was just look at your success, it's preparation. And the years and years of slogging away and then committing to that. So it's like, I see these people that see it as an easy thing. Even people with audience Yeah, I've got it. I've got a friend who has a big audience. And I and he's had that same thinking. And it's and it's knowing the thinking of already an audience and just create a course that will buy it. Yeah. And I can sell lots of them. And it's
you know, it's not, it's not always as easy. Especially Yeah, because you need an offering enough. Yeah.
And so it's hard. How do you? What do you think about how you what the success you've had now? And how you could apply it to doing something else?
Well, I think like, the first thing is that it's all about reputation. So you would never want to like half assed something or you would want to make sure whatever you're putting out there that has that same kind of quality that people would come to expect from you and the same kind of energy and the output that you have created before. Do you mean like creating something completely different from
film or principles from what you've learned? along the way of building drivers and the effort you've put into making the two year runway now that you don't actually make it work? Make it actually work? What were they? Yeah. And what could you then take that and apply? Like, do you think it's transferable to sales?
I think that one one key is consistency. Yeah, is like I set out and I said, I'm gonna do a video. It was originally podcast every Wednesday, and then a video ended up coming out every Monday. And then I kept that consistency up, especially when things were growing. At that point, actually, in the first month of growth, I did two videos a week, because I can people didn't know who I was, they were subscribing to me. And they were seeing me for the first time, I felt like I wanted them to see more of me, is there a risk in that? So so you set up a consistency where it's like, once a week, and then all of a sudden you say, now that I'm going through this hyper growth I'm going to do to awake? Do you then set yourself up for that being the new expectation it was for a little while? And then eventually I had to just be like this, I cannot maintain this. Did you lose anything from doing that? from going back to one? Now? Yeah, now my growth didn't change my growth. I mean, it only got bigger from doing. I think this is maybe my learning lesson is that there's a lot of the daily bloggers, daily bloggers, whatever, just trying to create lots and lots and lots of content, which is good. I think in the beginning, the volume game. Yeah, cuz you're getting better though. You're building up skills a lot quicker than somebody who's doing one a week. Yeah. But then I think that the best game to play right now is because there's so much content out there, it doesn't matter if you're creating more, because there's people, there's 3000 people just like you that are creating just as much that are creating the same kind of content. So if you slow down and you're like, I'm going to make one thing a week, but I'm going to make it fucking amazing. And I'm going to continue to make one thing a week for the next two years, and continue to build it. And like, granted, I had 10 years of filmmaking experience before heading into this, but everybody's got if they've built up some skills or their graphic designer, they have some kind of skill that they've crafted over the over the years, or something that they can build through freelance and other work that I think they can kind of hinge on as their thing, but it's like consistency was huge. And then also, you do have to have like a bit of gut or like learn from putting stuff out there. Like I can identify what's working well and it's a lot of it's common sense but it's like you just see a video performing well and you know, okay, that kind of content works well. How can I then recreate this for a different subject? Yeah.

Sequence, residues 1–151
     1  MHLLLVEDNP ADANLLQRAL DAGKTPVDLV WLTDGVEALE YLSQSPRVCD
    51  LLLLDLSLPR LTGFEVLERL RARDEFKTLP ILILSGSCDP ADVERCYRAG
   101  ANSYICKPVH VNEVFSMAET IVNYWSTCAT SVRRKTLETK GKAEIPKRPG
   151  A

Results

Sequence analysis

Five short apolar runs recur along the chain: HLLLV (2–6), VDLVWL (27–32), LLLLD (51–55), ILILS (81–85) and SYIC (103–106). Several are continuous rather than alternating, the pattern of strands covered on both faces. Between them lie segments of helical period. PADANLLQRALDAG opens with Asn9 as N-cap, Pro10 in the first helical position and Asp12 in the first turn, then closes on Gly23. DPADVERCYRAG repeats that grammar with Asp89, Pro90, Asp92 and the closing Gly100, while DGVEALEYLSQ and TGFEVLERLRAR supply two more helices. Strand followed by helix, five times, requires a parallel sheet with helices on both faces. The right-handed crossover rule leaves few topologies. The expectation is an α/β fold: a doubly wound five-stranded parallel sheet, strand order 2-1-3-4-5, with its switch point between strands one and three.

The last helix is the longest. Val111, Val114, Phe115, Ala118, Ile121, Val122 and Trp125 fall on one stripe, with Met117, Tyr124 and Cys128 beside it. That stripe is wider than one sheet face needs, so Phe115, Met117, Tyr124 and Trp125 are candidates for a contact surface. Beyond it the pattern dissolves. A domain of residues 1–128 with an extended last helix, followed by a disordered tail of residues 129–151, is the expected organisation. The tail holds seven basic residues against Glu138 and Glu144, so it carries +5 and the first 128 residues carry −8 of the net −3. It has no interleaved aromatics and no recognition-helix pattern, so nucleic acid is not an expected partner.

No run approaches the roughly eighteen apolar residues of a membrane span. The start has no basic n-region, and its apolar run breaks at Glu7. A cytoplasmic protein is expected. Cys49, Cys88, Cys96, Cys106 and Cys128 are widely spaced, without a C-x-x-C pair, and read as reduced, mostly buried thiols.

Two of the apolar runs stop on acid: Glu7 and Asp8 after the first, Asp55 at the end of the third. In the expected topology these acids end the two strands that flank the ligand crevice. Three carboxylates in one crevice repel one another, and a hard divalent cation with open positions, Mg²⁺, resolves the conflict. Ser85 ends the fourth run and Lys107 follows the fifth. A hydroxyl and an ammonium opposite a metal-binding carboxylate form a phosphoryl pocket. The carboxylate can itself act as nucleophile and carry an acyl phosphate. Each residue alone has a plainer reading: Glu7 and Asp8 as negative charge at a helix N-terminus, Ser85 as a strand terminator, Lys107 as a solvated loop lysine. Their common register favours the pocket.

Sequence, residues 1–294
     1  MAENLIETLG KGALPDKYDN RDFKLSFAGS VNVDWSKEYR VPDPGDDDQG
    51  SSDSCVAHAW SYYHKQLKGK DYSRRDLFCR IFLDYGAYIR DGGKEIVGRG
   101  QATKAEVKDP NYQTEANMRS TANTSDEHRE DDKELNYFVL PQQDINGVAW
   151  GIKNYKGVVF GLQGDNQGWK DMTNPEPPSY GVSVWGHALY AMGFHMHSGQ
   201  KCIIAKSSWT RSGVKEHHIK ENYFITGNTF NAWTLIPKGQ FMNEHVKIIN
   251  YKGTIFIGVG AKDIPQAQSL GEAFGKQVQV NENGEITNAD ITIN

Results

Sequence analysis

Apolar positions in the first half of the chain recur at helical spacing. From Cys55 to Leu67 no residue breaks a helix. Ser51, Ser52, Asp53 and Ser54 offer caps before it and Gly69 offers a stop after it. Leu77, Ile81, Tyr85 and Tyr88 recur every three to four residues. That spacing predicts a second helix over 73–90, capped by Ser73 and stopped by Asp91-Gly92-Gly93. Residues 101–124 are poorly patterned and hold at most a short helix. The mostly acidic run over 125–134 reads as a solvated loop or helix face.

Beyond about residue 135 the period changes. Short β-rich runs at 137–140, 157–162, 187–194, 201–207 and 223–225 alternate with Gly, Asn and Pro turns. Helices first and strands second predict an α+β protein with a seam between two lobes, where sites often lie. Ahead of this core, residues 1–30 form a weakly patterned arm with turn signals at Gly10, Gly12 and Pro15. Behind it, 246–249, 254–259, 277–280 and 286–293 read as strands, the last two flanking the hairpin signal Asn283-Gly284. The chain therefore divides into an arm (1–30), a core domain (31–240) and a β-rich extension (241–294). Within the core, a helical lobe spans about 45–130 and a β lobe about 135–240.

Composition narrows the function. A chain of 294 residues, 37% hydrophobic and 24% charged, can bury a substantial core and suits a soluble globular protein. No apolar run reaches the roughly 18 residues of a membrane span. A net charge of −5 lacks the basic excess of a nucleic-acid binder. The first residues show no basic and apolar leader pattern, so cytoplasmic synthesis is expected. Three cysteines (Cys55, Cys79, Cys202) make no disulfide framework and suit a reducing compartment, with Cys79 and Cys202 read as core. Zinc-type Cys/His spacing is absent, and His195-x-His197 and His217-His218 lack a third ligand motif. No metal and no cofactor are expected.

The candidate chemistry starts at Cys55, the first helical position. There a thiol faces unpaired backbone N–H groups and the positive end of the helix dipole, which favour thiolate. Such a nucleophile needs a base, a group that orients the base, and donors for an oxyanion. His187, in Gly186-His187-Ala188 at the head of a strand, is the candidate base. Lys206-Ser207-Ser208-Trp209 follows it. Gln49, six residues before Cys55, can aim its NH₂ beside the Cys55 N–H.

Can I be too strategic? We are you wrapping up?
Tomorrow bond die Christmas die. Matthew Valley joining us to cry daddy talk show. Hi, the dough talk show.com if you want to send us an email, Dave L is joining us throughout the week. While we're in Sydney, check out his YouTube channel. Yeah, man. Yeah.
Have a good one guys. Hey, guys.